The argument for a third MNO licence was given further impetus by a price benchmarking study conducted for the TRA by Sultan Qaboos University and UK research firm Strategy Analytics, which compared the services and tariffs being offered in Oman to its GCC neighbours, as well as Jordan, Tunisia, the UK and Malaysia. The study, released in early 2015, found that Oman’s customers were being charged similar tariffs to those in other countries in the survey for fixed-line voice services, but being offered the lowest average and maximum advertised fixed-line broadband download speeds, ranging from 2 Mbps to 60 Mbps. At the same time, fees for fixedline broadband services were among the highest for Omanis. Mobile customers in the country were also being offered lower average mobile download speeds at prices that were either below or equal to charges in other GCC countries, but paying above average for pre-paid voice services. However, Oman’s international call charges were lower than in other GCC countries.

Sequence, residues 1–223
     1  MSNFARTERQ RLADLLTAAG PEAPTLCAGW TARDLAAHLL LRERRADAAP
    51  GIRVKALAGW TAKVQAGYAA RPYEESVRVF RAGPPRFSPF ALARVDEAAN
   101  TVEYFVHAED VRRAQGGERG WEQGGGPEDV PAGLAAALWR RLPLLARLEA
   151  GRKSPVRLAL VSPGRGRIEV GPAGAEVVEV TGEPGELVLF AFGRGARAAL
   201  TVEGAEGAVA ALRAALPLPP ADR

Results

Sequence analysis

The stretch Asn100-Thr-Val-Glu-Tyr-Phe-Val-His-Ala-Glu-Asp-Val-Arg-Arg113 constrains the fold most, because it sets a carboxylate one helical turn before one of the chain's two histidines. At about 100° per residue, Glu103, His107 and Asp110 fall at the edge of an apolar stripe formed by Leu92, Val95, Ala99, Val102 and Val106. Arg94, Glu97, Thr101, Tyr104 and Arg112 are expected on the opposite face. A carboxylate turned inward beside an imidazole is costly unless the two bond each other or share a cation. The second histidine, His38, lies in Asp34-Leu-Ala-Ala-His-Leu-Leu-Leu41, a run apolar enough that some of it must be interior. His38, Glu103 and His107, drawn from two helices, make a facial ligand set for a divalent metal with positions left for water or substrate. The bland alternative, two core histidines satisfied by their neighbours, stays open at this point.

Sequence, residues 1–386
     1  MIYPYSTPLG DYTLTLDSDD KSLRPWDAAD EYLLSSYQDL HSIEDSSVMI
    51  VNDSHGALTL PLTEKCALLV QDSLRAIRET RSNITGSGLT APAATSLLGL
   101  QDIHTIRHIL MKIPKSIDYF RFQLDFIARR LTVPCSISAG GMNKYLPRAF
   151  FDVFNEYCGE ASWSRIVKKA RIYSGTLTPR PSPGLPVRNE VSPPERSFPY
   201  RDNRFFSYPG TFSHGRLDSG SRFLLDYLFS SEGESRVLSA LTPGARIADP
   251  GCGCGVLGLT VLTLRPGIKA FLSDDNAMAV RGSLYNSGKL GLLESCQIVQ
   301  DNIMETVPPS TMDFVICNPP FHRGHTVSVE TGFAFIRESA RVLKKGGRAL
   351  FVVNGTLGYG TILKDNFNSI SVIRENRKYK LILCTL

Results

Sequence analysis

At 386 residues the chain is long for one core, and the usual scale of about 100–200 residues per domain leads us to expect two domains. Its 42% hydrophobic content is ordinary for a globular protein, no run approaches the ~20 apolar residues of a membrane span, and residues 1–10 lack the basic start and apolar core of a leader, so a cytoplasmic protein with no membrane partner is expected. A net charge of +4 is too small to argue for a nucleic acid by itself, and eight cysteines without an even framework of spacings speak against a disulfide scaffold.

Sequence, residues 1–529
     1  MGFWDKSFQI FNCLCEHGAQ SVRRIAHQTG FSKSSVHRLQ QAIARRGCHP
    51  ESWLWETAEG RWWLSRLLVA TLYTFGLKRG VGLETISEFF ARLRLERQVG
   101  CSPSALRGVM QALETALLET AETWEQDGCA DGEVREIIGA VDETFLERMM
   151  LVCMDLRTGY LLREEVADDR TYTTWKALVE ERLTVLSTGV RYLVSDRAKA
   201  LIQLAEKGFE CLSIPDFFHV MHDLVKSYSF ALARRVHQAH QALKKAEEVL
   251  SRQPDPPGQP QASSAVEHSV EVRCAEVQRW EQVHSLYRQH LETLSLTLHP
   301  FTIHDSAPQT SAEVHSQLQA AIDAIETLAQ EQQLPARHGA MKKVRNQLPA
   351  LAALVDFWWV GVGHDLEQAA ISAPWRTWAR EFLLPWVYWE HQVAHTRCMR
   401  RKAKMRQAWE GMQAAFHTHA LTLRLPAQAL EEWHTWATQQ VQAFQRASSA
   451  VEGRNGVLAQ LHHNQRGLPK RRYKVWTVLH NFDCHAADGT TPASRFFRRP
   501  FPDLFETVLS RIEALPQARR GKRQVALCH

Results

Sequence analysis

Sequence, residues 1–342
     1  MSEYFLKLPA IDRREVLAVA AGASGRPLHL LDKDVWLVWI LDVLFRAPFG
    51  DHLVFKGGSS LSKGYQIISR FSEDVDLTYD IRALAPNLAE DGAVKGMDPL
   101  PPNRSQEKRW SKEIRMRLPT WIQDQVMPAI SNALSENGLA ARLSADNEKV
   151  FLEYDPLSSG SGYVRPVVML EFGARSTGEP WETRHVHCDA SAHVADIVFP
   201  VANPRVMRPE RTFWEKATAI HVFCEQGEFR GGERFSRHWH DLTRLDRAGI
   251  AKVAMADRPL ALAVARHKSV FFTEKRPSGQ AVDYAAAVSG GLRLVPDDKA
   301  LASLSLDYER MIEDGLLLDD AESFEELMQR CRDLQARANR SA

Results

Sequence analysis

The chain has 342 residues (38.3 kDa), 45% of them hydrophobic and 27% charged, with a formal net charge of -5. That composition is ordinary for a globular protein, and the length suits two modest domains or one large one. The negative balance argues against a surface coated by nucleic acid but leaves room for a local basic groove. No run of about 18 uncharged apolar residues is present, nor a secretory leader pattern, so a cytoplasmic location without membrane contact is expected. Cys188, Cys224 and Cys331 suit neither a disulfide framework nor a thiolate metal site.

The management team at TeO believes its acquisition of Renna, an MVNO with a track record of winning and retaining subscribers by competitive pricing and a focus on customer service, will give it more credibility in putting together its bid for a third licence. “When we prepare our application, we will do so with a strategic partner that has experience of a national rollout of a new service and give the TRA additional confidence that our company can guarantee the smooth introduction of a new service,” Darren Tong, chief operating officer and acting CEO of TeO, told OBG. TeO’s management had been tracking Renna’s performance closely for two years before the takeover, in which it acquired 100% of the company’s shares.
New market entrants and resellers have also adopted new approaches to business. “They are young, flexible and simple, and they are intended to avoid all the dissatisfaction points in the market,” Ayman Madieh, vice-president of technical solutions and marketing for Huawei Tech Investment Oman, told OBG. “They have recognised that the only differentiators between service providers are going to be flexibility in customer service and tariff simplification. The new business model is about being simple, smart and flexible.”